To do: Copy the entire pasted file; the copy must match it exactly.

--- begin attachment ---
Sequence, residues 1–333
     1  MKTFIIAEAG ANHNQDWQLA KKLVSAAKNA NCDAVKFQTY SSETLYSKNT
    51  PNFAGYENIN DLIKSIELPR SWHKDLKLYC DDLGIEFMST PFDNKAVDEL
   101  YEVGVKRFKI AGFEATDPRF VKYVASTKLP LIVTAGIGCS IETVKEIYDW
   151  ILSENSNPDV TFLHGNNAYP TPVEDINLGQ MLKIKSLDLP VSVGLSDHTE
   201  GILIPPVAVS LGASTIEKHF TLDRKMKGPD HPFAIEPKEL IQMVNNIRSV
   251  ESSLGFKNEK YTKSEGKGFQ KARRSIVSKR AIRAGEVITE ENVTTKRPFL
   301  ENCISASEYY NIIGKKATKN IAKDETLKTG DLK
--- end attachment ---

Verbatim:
Sequence, residues 1–333
     1  MKTFIIAEAG ANHNQDWQLA KKLVSAAKNA NCDAVKFQTY SSETLYSKNT
    51  PNFAGYENIN DLIKSIELPR SWHKDLKLYC DDLGIEFMST PFDNKAVDEL
   101  YEVGVKRFKI AGFEATDPRF VKYVASTKLP LIVTAGIGCS IETVKEIYDW
   151  ILSENSNPDV TFLHGNNAYP TPVEDINLGQ MLKIKSLDLP VSVGLSDHTE
   201  GILIPPVAVS LGASTIEKHF TLDRKMKGPD HPFAIEPKEL IQMVNNIRSV
   251  ESSLGFKNEK YTKSEGKGFQ KARRSIVSKR AIRAGEVITE ENVTTKRPFL
   301  ENCISASEYY NIIGKKATKN IAKDETLKTG DLK